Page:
St. Joseph, the father of Jesus, is one of New Orleans’s favorite saints. The patron saint of carpenters, his patronage is sought when one is buying, selling or repairing a house. After Katrina, signs asking for his prayers and intercession peppered the flooded landscape. His feast day, March 19, is marked by many St. Joseph altars, which are laden with food and dismantled to feed the poor. So it was inevitable that eventually there would be a bar opened in his honor. Entering the bar feels like going to church if churches made delicious mojitos. (N.B. I’d be a much better Baptist if they did.) Gilt mirrors adorn the walls and church pew benches offer patrons seating. A portrait of St. Joseph dominates the long narrow bar. According to the bartender, the owners acquired the painting for a song and planned on hanging it in their yet unnamed bar. After spending more than they bargained to restore it, they figured “What the hell?” and named the bar in the saint’s honor.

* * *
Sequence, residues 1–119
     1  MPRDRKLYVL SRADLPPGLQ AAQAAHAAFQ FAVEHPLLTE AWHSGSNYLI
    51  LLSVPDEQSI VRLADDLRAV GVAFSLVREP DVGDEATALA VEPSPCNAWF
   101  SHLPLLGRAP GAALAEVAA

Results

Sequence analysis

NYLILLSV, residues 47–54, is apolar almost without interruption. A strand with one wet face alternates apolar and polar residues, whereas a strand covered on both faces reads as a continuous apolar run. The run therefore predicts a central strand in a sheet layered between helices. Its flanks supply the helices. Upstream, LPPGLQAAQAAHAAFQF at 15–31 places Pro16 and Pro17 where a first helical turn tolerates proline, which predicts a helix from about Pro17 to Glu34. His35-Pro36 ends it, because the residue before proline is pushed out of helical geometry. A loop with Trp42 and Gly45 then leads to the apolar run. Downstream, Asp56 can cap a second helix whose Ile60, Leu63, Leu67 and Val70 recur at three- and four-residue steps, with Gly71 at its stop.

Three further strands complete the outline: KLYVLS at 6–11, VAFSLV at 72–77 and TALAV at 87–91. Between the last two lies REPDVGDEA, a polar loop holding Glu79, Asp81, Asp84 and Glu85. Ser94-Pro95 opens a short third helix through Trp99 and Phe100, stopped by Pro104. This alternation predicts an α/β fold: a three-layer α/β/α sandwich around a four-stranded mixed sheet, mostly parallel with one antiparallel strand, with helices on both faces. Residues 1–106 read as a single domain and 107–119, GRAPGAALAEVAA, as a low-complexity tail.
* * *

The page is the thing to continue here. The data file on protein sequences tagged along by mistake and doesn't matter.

Order their signature mojito (blueberry or original, your choice) and settle in for a visit or a game of pool. If you head to the back patio, the decor changes. The back bar (not always open) is dominated by massive armoire in an indeterminate Asian style. Maybe it’s Thai. Maybe it’s Indonesian. It does not look like it’s from a place where they serve mojitos. No matter; it’s still pretty. Colored lanterns hang from the ceiling, and the whole patio has a soft glow. Amid this scene of tranquil beauty, Lee points to some bushes in the corner and reports that he once got really sick there after his fifth mojito. A cautionary tale. He advises no more than three. I agree.

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